Great Russian Nutcracker — Holiday performance by Moscow Ballet, 7 p.m. Wednesday, Dec. 7, Embassy Theatre, Fort Wayne, $32-$178 thru Ticketmaster and Embassy box office, 424-5665
Click header for complete Movie times
Alexandra Hall — Whimsical painting, giclee print and ink drawings, Tuesday-Sunday thru Dec. 31, Foellinger-Freimann Botanical Conservatory, Fort Wayne, $3-$5 (2 and under, free), 427-6440
Alumni/Faculty Exhibition — Works from alumni and current and retired faculty from the School of Creative Arts, Monday-Friday thru Dec. 18 , Weatherhead Gallery, USF Rolland Art Center, University of Saint Francis, Fort Wayne, 399-7999
Art for the Holidays — Handmade ornaments and Nativities from local artists, Monday-Saturday thru Dec. 31, Orchard Gallery of Fine Art, Fort Wayne, 436-0927
Decatur Sculpture Tour — 31 original sculptures and 15 permanent exhibits on display, walking tour maps available, thru April 1, Decatur, free, 724-2605
Festival of Wreaths — Holiday exhibition of Christmas wreathes, daily thru Dec. 30, Creative Arts Council, Bluffton, 824-5222.
Fort Wayne, American Monologue — A new body of Fort Wayne-based works by Oakland, California-based artist Brett Armory, Tuesday-Sunday thru Feb. 26, Fort Wayne Museum of Art, $5-$7 (members, free), 422-6467
John Baeder Takes Wing on a Higher Road — Hyper-realist art from one of the 20th century’s most important artists, Tuesday-Sunday thru Jan 22 , Fort Wayne Museum of Art, $6-$8 (members, free), 422-6467
Master Prints — Diverse collection of prints acquired by the university over the past 15 years, Monday-Friday thru Dec. 22, Lupke Gallery, University of Saint Francis North Campus, Fort Wayne, 399-7999
Nature’s Thread — Works by Nancy Fritz and Lizabeth Yager, daily thru Jan. 16, 2017, The Gallery at Pranayoga School, Fort Wayne, 423-9642
Outdoor Sculpture Invitational — Fifteen outdoor sculptures from regional artists, daily thru April 30, School of Creative Arts campus, University of Saint Francis North Campus, Fort Wayne, 399-7999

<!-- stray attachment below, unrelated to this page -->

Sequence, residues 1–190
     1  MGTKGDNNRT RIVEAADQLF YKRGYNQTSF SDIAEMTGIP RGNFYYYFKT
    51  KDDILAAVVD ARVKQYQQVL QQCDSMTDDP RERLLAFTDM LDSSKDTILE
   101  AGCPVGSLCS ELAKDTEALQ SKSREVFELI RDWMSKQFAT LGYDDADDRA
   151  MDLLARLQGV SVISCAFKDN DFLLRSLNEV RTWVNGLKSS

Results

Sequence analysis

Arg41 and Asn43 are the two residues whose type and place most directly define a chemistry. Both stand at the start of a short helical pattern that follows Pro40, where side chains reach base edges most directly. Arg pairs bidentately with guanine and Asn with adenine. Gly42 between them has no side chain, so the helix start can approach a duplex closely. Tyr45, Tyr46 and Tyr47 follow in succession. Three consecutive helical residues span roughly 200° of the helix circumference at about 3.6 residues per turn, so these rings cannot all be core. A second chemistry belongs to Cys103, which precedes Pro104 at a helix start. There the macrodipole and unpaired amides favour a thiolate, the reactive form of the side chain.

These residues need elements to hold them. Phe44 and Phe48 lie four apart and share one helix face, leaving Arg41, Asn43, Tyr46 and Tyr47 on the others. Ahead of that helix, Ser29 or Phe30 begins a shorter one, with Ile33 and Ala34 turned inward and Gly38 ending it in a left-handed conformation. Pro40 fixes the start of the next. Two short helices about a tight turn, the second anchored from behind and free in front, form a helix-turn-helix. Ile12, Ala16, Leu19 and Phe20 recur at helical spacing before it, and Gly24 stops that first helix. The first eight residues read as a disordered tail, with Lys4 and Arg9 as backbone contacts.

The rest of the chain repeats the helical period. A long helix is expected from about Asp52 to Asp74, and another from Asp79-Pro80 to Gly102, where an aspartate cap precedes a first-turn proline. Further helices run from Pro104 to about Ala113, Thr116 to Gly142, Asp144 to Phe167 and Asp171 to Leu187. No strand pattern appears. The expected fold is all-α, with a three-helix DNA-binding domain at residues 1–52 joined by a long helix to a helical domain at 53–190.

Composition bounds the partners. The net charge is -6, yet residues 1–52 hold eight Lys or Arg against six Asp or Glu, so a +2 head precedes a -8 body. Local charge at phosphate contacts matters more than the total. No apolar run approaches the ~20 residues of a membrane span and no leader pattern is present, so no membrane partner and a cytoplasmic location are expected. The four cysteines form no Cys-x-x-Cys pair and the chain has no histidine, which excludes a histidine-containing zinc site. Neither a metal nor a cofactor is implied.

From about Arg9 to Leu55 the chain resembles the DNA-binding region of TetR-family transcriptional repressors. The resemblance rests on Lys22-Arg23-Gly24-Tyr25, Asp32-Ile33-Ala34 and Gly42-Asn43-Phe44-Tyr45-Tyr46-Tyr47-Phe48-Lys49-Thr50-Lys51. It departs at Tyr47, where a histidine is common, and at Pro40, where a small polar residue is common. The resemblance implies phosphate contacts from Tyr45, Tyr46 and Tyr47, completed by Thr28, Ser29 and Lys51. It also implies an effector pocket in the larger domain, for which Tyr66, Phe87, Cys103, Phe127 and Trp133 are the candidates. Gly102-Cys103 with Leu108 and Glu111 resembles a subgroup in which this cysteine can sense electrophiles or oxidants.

Regional Art Educators’ Exhibition — Works from educators in secondary school art education, daily thru Dec. 8, Visual Arts Gallery, IPFW, Fort Wayne, 481-6977
Robert Kipniss: The Whispering Light — Recent painted and printed works by American artist, Tuesday-Sunday thru Jan. 22, Fort Wayne Museum of Art, $5-$7 (members, free), 422-6467
SOCA Student Highlights Exhibition: Animation — Works from students enrolled in USF’s School of Creative Arts’ animation program, Monday-Friday thru 18 , John P. Weatherhead Gallery and Goldfish Gallery, Mimi and Ian Rolland Art and Visual Communication Center, University of Saint Francis, Fort Wayne, 399-7999
SOCA Student Postcard Show — Small works by students enrolled in USF’s School of Creative Arts, Monday-Friday thru Dec. 18 , Spotlight Gallery, Mimi and Ian Rolland Art and Visual Communication Center, University of Saint Francis, Fort Wayne, 399-7999
Women in Art: A Celebration — Works by Gwen Gutwein, Barbara Nohinek, Patricia Weiss, Cara Lee Wade, Elizabeth Wamsley, Marcy Neiditz, Suzanne Galazka, Diane Groenert and more, Tuesday-Saturday thru Jan. 15 , Crestwoods Frame Shop & Gallery, Roanoke, 672-2080
Artlink Educational Programs — Art classes offered by Artlink Contemporary Art Gallery, dates and times vary, Artlink, Fort Wayne, fees vary, 424-7195
Fort Wayne Dance Collective Workshops — Workshops and classes for movement, dance, yoga and more offered by Fort Wayne Dance Collective, dates and times vary, Fort Wayne Dance Collective, Fort Wayne, fees vary, 424-6574
IPFW Community Arts Academy— Art, dance, music and theater classes for grades pre-K through 12 offered by IPFW College of Visual and Performing Arts, fees vary, 481-6977, www.ipfw.edu/caa
Sweetwater Academy of Music — Private lessons for a variety of instruments available from professional instructors, ongoing weekly lessons, Sweetwater Sound, Fort Wayne, call for pricing, 432-8176, academy.sweetwater.com